Happy Sunday, all!
The combination of COVID and George Floyd rocked Minnesota like no other. As the summer progressed, 2020 continued to prove the most challenging year of the lives of so many. Thankfully for me, my work life didn't change much - I still remained in the office and on track to continue the work I had always been doing. That was until June, when I was asked to support our residential substance use disorder program for women and children. The program had recently lost its program director and a couple internal staff were doing what they could to support. Our organization knew it needed a major overhaul, and as I saw what was happening in the program, to the extent I could at the time, I was drawn more and more to making a difference.
I agreed to move over and begin supporting at a higher level in mid-July, including operations work, strategic planning, and everything that comes with both. I didn't know what that meant or looked like, but would find out quickly. During my first week, two major events took place. First, I began to witness how the program was running, how the staff were toward clients, and how much work was needed. I left a couple times in that first week with tears in my eyes, watching and knowing how the women and kiddos were viewed and treated by certain staff, knowing this had been going on for a long time. That was NOT going to continue on my watch. The restructure and staffing plan was first on the list!
Second, we ended up with a COVID outbreak, something that would bring positive tests to all of the kiddos, about 80% of the moms, and about 35% of staff. No one had ever dealt with it before, so it was all learn-as-we-go type work. It was quite possibly the most challenging month I had experienced in many years. We made it through, and began on the path to a better program.
Early in the fall, after promoting another team member of mine to program manager, we began to hire, hire, hire. We built a team of support staff and backfilled another lead role, filling out the team that had been so problematic and short staffed for so long. We were getting closer, with just a clinical supervisor and/or program director to fill. At the same time, we began the physical renovations, something that was desperately needed. One by one, day by day, rooms and space began to turn...
Later in the fall, we lost a regional director who had been supporting the clinical staff, and no longer had a VP present in that division, so things became even more hectic for me, managing all teams in the program and dealing with every aspect of management, including everything clinical, something that was not in my background. Not long after, we lost both counselors and were at a very challenging point in the transition, all during the holidays. We did the best we could to provide beautiful holidays for the moms and kiddos. Santa came, presents came, parties were thrown, and comfort was provided in any way possible.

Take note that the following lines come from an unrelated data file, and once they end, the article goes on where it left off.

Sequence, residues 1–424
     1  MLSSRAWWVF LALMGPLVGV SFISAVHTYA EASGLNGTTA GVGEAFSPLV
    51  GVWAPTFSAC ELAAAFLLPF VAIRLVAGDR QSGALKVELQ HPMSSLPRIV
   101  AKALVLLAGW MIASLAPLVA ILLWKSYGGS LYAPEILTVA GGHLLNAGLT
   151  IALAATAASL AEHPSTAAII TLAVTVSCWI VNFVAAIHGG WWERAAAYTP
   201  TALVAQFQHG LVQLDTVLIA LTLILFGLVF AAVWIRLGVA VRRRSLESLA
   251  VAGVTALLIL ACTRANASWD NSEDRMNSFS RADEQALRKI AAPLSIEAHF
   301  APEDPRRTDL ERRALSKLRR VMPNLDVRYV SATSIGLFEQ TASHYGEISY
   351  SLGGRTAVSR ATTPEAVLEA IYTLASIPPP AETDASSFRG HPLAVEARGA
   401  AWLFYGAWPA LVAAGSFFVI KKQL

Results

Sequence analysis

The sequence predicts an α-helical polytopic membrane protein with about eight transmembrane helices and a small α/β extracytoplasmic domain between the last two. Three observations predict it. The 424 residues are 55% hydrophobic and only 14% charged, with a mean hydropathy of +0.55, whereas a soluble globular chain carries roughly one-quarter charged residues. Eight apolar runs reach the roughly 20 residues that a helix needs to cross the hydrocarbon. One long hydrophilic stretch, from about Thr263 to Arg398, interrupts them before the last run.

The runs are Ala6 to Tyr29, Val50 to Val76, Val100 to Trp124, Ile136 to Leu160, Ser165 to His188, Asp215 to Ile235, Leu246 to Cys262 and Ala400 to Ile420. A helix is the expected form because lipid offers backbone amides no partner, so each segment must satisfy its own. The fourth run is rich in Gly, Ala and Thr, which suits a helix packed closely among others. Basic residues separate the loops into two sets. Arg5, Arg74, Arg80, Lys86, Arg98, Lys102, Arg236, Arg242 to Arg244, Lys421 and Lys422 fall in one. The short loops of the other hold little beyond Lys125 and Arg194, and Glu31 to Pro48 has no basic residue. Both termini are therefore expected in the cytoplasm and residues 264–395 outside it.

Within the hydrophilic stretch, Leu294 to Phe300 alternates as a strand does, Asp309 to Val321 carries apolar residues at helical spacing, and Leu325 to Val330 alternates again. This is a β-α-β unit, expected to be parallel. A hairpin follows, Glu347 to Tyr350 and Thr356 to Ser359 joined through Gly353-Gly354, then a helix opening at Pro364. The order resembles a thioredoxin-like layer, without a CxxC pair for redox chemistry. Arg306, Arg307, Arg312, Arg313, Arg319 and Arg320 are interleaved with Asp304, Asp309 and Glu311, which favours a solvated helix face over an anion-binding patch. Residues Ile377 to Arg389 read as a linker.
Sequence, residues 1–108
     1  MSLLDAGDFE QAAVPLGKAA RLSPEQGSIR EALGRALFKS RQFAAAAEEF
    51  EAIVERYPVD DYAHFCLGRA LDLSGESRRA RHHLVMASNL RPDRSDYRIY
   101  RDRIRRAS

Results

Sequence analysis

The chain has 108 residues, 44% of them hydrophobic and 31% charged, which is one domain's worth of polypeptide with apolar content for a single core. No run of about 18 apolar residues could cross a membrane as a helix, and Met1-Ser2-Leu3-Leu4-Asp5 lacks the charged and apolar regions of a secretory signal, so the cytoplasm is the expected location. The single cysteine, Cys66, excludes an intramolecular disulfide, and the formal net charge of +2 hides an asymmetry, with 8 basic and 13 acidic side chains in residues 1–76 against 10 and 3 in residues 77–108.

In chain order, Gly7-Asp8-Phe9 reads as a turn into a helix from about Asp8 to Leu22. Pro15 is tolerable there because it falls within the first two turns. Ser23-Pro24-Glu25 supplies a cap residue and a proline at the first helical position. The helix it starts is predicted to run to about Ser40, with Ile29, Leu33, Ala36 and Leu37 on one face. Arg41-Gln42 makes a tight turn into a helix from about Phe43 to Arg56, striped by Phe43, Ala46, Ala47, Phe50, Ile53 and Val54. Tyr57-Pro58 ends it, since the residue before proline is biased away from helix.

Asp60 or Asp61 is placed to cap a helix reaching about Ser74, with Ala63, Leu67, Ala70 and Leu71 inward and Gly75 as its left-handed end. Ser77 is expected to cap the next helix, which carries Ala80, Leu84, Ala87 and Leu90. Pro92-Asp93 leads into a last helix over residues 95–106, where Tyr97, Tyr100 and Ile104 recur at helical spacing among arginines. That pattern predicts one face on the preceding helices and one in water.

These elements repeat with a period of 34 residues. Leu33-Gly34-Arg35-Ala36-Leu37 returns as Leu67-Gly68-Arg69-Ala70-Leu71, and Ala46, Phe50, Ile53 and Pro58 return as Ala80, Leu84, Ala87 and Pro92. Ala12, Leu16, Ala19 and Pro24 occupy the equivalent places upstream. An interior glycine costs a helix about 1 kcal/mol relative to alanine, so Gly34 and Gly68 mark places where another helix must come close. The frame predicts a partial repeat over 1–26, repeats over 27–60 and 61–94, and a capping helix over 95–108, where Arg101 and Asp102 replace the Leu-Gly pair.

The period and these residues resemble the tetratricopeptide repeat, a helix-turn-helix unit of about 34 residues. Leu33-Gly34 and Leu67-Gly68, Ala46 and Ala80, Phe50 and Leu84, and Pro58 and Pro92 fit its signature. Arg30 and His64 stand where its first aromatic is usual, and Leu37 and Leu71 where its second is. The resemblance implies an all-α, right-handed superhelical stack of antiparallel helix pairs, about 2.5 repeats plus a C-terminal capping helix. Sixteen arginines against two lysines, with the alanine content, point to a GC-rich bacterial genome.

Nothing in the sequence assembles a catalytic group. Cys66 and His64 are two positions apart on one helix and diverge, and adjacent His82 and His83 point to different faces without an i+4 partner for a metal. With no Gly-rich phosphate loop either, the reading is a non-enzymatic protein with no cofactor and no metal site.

By the time early 2021 came, we had found both new counselors and were on our way to a full team again. More importantly, over the months previous, we implemented so many processes, policies, and procedures that supported staff, moms, and kiddos. We began bringing in beautiful welcome baskets, ordered in food every other week, and planned regular activities. This all led to a new spirit, one where women and their children were treated with respect, honor, and dignity, something we all deserve.
By March of 2021, we had found a permanent program director, and the realization of my time coming to an end was so incredibly relieving, so incredibly sad, and so incredibly gratifying. I always sum up my time in the program like this: I have a sister with kids, and if she needed treatment in the summer of 2020, even though I was overseeing the program, I would not have allowed her to come there. By spring of 2021, my attitude changed tremendously. Not only would I have her there, I wouldn't have her anywhere else. Period. A new staff, a new physical appearance, a new way of treating one of the worst diseases we know of. A complete flip, what a beautiful memory. Here's the recently published video that outlines what the program looks like today! And a picture of what greeted my final walk away as the interim director, from moms and kiddos of the program...
Though there were many days I wanted to give up, to quit the job, and to get back to some normalcy, something in me kept fighting. Fighting for the staff that needed it. Fighting for the moms that needed it. Fighting for the kiddos that needed it. And as is usually the case, the dawn on the other side of the dark proved to be more than worth it. That's how life goes, if we let it. And the reward on the other side is unlike any other. In one last post in the effort to bring my blog up to current state, I will share about returning to that balance, planning time with family and friends, and reaping the benefits of doing God's work, something that can only be felt through experience.
Until then, stay safe and happy!